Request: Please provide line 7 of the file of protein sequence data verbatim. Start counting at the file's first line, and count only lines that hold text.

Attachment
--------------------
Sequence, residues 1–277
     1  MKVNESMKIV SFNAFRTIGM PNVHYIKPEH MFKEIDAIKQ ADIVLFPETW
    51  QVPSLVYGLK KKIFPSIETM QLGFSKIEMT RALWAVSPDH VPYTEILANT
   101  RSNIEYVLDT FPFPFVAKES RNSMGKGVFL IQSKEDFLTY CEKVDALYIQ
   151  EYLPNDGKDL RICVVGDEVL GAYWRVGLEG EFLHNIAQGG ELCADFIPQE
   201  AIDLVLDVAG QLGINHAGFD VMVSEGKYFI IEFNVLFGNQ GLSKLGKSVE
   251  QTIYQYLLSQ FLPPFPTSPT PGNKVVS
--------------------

   251  QTIYQYLLSQ FLPPFPTSPT PGNKVVS